MUSKEGON, Mich. (WOOD) — Jurors Tuesday heard more about the search for the silver minivan that eventually led investigators to Jeffrey Willis, who is now on trial for the kidnapping and murder of Jessica Heeringa.
The final full day of testimony focused on where Willis could’ve committed the crime and investigators’ dimming hopes of finding Heeringa alive.
TRACKING DOWN THE MINIVAN
A Michigan State Police detective testified surveillance video from businesses near the gas station where Heeringa worked showed a silver minivan heading north on Old Grand Haven Road around 11 p.m. on April 26, 2013: the night of her disappearance.
Secret Service detective Ryan Heethuis said only one silver van appeared in all of the surveillance videos, based on the time window provided by witnesses. He also said that van was on what would be the most direct route to Willis’ grandfather’s home.
An expert in vehicle design for Chrysler testified he could tell from the surveillance video the minivan they were looking for was a Dodge Caravan manufactured between 2001 and 2007, based on the distance between the back wheel opening and the rear door, black side molding, black door handles and black mirrors. All those elements were only available exclusively for the Dodge Caravan during those model years, he said.
Heethuis described how his agency worked with the Michigan Secretary of State’s Office and Fiat Chrysler to whittle down the pool of 80,000 possible minivans to about 350, based on model year, color, the vehicle’s unique antenna and wheels. Local investigators narrowed the search further based on the suspect’s description.
TRACKING WILLIS’ MOVEMENTS
Police said cellphone records led them to Willis’ grandfather’s home on Bailey Street, where a detective said calls to and from Willis’ flipphone pinged a nearby cell tower at 11:23 p.m. and 11:59 p.m. the night of Heeringa’s disappearance, as well as 12:05 a.m. the morning after.
The detective said between 12:05 a.m.to 3:47 p.m. on the day after Heeringa’s disappearance, Willis’ cellphone didn’t ping, which means the device may have been turned off or Willis wasn’t using it at all.
But a receipt from the Taco Bell on Sternberg Road gives a clue as to one Willis whearabout during that period. It’s timestamped 12:34 a.m. on April 27, 2013. Heethuis said there was a Taco Bell closer to Willis’ home by about five miles, but Willis chose this location instead, which also happened to be closer to the gas station where Heeringa worked.
THE POTENTIAL CRIME SCENE
Zachary Sparks with the state police said during searches of the Bailey Street home, detectives found padlocks on three entryways and a collection of bottles for cleaning products containing bleach in the basement.
“It seemed unusual that there was so many cleaning materials gathered in one corner of the room,” Sparks said.
>>Photos: Jeffrey Willis on trial
He also said he didn’t notice any water damage in the basement that may merit having so many bleach bottles, despite what Willis had told authorities.
Sparks said investigators found padlocks on three entryways on the property. Public Defender Fred Johnson pointed out spray paint on the wall of the basement, which may explain why the house was locked up.
Sparks said he also found a handwritten list in a trash can inside the garage.
The list was broken into three sections. The clothing section included “underwear” and “her panties” and “hoodie.” Heeringa’s boyfriend previously testified she preferred to wear hooded sweatshirts, and she likely had one with her the night she disappeared, since she had to stock the cooler at work.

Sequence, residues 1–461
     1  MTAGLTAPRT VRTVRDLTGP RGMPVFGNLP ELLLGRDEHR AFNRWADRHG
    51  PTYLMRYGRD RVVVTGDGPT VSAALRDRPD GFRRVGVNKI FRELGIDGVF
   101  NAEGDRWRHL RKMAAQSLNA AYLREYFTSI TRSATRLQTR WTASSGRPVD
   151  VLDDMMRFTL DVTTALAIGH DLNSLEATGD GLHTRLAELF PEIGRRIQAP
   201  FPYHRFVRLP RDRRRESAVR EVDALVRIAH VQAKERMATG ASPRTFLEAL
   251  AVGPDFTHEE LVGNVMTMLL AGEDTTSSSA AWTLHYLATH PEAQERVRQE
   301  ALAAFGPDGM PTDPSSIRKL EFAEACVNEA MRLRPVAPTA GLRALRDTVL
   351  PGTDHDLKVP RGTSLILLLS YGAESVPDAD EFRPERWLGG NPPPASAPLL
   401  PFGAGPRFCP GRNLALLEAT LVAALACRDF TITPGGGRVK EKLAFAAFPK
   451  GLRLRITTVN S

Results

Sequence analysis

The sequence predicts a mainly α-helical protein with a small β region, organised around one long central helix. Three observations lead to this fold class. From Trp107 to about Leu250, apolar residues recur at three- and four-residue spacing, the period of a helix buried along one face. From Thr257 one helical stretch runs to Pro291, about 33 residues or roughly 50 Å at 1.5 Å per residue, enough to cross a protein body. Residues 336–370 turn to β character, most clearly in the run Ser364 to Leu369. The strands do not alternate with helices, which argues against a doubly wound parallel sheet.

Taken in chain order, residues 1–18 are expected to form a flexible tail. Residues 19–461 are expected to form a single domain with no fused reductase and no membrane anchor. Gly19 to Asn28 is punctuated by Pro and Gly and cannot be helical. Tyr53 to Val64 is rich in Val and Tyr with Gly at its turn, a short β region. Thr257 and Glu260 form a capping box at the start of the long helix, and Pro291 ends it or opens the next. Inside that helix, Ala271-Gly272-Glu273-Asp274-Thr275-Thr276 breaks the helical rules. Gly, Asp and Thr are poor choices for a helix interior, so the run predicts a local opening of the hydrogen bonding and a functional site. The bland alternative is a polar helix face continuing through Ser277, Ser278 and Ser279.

A second section listed camera equipment, a gas can, matches, lube and a crowbar. It also included “video from house if any,” Sparks said.
The third section labeled “kit” included sex toys, needles, zip ties, a hook and rope, according to Sparks.
MSP Lt. Mark Goff, who specializes in handwriting analysis, testified the handwritten list matched Willis’ handwriting, based on samples provided by Willis’ then-wife, as well as items written by Willis under a court order.
DID SHE RUN AWAY?
Lt. Mike Kasher with the Norton Shores Police Department said while Heeringa’s journal talked about running away to have a better life, there was no concrete plan, and she would write “life is good, life is sweet” the next week.
“I think it’s something we all go through in life,” said Kasher, adding it wasn’t a downward slide, but “up days and down days.”
Kasher said in the journal, Heeringa often talked about making a better life for her son, whom she called the best decision she’d ever made and the greatest thing that happened to her.
Kasher also said Heeringa wrote beautiful poetry.
Unfortunately, he said none of her entries pointed to a suspect in her disappearance or murder.
Heeringa’s family hasn’t been in court for the trial. They don’t think there’s enough evidence to prove Willis killed her and are holding out hope that she will come home. Their refrain has been “No Jes, no justice.”
Heethuis said the Secret Service continues to search for any mail, flights or other data that may suggest Heeringa is alive, but have found nothing to this day.
Judge William Marietti ended the day partway through Kasher’s testimony, after a juror reported feeling ill.
Marietti told the jury testimony would resume at 10 a.m. Wednesday, and they would quickly roll through the rest of the witnesses before beginning closing arguments Wednesday afternoon. He said he would hand over the case to the jury by the day’s end.
Johnson told 24 Hour News 8 he advised Willis not to testify, like he did during his trial for the murder of Rebekah Bletsch. Willis, however, will get to decide whether he wants to take the stand.
Willis is currently serving a life sentence for Bletsch’s murder. However, Willis told Target 8 earlier this year he didn’t kill her or Heeringa.
>>App users: Interactive timeline of Willis investigation